Buh-Bye, Tipper Gore: A PMRC Mixtape


By now, we’re sure you’ve heard today’s juiciest morsel of gossip: Al and Tipper Gore are splitting up after a whopping 40 years of marriage. Of course, this is shocking, and on a personal level, we’re sad for the couple and their children. But it also kind of makes sense to us. Let’s admit something to ourselves: for a few years now, Al has been a little too cool for Tipper. He “invented the Internet,” launched youth-oriented Current TV, and made us all care about global warming. Meanwhile, Tipper remains best known for co-founding the Parents Music Research Council, an organization that has spent the past 25 years trying to censor your music. With that in mind, we’ve made a mixtape featuring ten of Tipper’s least favorite bands. In our fantasy, Al will blast these songs in a (hybrid) convertible while cruising for a new mate.

1. Prince — “Darling Nikki” As the story goes, the PMRC was born when Tipper caught her daughter listening to this dirty track. ytaudio(536dvGMmThw)

2. Madonna — “Dress You Up” We know, we know: Of all the Madonna songs, this is the one that makes the PRMC’s Filthy Fifteen? ytaudio(8VDRiByuV4A)

3. Van Halen — “Hot for Teacher” You’d think the PMRC ladies would be in favor of anything that had kids pay attention in school, but no. They presented the song’s video at a Senate hearing in 1985 as a particularly outrageous example of MTV filth. ytaudio(g0XLKcMoXRE)

4. Twisted Sister — “We’re Not Gonna Take It” Apparently, Tipper and her friends were particularly outraged by Twisted Sister’s combination of cross-dressing a teenage rebellion. This one made both the Filthy Fifteen and the Senate hearing — where Twisted Sister frontman Dee Snider testified against PMRC. ytaudio(WT1LXhgXPWs)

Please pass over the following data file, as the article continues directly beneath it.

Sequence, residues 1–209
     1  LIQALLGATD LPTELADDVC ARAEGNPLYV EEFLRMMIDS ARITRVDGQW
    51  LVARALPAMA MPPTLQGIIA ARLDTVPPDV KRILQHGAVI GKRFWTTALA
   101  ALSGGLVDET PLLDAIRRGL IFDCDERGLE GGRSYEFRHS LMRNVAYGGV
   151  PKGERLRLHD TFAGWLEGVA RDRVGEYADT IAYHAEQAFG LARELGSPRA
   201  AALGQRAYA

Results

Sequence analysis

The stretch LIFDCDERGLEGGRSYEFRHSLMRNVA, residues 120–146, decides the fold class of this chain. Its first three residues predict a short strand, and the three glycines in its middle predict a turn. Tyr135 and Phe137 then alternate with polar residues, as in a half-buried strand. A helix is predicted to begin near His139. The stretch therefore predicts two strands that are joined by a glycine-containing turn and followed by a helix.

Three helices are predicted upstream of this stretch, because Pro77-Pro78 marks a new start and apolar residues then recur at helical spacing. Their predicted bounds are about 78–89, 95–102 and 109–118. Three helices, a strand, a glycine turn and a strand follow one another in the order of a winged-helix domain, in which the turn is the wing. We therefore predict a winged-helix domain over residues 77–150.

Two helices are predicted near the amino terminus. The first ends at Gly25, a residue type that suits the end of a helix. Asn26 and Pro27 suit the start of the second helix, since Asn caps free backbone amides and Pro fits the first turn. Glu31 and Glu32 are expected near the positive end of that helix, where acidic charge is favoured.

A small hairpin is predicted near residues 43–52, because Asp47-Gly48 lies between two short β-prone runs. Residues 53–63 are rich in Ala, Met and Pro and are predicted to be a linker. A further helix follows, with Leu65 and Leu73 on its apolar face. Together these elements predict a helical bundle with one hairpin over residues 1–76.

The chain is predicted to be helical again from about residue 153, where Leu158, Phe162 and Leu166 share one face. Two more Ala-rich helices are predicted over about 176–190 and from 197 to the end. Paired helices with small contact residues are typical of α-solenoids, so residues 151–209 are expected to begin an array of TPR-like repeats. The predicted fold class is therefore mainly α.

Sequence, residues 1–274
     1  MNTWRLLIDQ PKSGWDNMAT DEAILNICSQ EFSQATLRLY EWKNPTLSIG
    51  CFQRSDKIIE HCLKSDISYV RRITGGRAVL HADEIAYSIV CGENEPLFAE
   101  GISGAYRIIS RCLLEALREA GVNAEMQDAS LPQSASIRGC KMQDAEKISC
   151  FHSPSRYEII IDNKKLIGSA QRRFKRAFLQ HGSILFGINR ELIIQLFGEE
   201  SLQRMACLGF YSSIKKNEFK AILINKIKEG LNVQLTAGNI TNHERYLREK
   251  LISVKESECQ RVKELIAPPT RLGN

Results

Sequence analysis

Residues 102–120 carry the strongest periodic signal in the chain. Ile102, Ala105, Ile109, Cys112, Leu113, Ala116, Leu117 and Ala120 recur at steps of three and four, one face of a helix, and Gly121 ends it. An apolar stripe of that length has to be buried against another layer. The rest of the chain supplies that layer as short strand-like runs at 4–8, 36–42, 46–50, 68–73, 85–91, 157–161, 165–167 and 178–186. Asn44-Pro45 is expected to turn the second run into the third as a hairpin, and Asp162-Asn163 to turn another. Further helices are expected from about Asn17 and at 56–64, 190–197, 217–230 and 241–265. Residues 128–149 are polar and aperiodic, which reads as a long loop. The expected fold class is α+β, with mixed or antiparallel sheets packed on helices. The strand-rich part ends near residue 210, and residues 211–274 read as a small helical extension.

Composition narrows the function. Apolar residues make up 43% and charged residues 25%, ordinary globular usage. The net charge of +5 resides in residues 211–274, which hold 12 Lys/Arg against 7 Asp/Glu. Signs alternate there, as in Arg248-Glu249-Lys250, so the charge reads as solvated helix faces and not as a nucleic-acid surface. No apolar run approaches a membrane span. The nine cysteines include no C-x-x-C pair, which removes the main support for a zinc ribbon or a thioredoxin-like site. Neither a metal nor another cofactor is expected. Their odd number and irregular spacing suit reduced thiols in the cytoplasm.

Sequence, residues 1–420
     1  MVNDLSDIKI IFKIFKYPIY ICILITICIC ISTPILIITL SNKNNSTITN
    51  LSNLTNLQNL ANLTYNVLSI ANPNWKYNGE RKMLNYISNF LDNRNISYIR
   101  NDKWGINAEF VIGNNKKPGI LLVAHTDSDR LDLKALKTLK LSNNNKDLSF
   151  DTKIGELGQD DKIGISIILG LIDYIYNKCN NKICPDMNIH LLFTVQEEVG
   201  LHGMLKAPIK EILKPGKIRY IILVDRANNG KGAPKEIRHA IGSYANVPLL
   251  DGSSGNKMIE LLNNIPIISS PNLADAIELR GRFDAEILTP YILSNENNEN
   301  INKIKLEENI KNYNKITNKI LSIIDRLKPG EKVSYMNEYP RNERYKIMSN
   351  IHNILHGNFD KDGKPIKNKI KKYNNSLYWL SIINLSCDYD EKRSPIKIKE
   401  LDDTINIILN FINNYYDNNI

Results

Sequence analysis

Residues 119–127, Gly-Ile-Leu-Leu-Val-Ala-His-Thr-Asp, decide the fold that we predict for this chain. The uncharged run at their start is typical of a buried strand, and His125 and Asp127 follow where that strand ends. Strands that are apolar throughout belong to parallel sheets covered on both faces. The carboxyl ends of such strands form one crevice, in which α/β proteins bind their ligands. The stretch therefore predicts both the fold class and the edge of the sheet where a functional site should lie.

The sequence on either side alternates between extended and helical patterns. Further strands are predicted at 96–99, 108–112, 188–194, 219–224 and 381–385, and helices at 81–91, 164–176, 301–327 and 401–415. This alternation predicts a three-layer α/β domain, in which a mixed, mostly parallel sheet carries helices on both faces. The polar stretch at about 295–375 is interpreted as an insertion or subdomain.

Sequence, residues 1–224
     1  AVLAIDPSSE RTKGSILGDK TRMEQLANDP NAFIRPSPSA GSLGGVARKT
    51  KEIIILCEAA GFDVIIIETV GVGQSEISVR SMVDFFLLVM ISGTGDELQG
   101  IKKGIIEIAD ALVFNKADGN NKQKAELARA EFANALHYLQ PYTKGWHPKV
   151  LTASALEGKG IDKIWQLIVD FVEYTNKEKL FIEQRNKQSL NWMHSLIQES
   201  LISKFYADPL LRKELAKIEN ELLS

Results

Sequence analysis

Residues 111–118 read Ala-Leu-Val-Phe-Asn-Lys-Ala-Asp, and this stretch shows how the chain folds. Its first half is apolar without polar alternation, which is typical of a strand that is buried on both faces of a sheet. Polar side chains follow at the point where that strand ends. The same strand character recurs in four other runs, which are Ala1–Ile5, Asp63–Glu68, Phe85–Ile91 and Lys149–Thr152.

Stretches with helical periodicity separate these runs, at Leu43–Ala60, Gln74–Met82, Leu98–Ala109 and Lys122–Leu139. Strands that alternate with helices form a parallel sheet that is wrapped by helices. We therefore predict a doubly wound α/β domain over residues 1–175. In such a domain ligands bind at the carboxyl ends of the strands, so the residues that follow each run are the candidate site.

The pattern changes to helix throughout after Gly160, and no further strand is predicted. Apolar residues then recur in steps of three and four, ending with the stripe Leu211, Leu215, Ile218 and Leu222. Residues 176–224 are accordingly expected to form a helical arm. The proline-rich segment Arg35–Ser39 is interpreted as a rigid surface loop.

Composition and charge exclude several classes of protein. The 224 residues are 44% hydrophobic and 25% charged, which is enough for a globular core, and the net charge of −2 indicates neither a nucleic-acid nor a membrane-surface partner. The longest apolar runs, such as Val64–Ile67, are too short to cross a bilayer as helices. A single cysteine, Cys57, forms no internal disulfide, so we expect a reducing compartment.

5. Frank Zappa — “Porn Wars” Zappa also testified against PMRC, but then he did Snider one better by producing the track “Porn Wars,” which included audio clips from the hearings. The lengthy track appeared on an album called Frank Zappa Meets the Mothers of Prevention, whose cover was a parody of PMRC’s explicit lyrics warning sticker. ytaudio(Dz8P0M_VoaY)

6. Danzig — “Mother” Zappa wasn’t the only artist to use his music to hit back at Tipper and co. This 1988 track criticizing PRMC cracked the top 40. ytaudio(2jEV459TFVE)

7. Ice-T — “Freedom of Speech” Listen, we don’t condone the misogyny. (Those lines about “ain’t gettin’ no dick” have to sting today.) But who can deny the power of the rest of what’s going on in these lyrics from favorite PMRC target Ice-T’s 1989 song? ytaudio(nEFHC2KQRmE)

8. Dead Kennedys — “MTV — Get Off the Air” It wasn’t the music on Dead Kennedys’ 1995 album Frankenchrist that PMRC opposed. It was a poster folded into the record created by H.R. Giger (you know, that pornographer) that included real, live naughty bits. ytaudio(F7X3PzAPL5A)

9. Sheena Easton — “Sugar Walls” The female orgasm: not popular with the PMRC. This racy track also turned up on the Filthy Fifteen. ytaudio(qVXdjF_5n6Q)

10. John Denver — “Rocky Mountain High” Surprising, right? But Denver testified against PMRC alongside Snider and Zappa, claiming that censors often misinterpreted even the most innocent songs. “Rocky Mountain High”: not about smoking pot. Got it? ytaudio(udQ4i2NbxLY)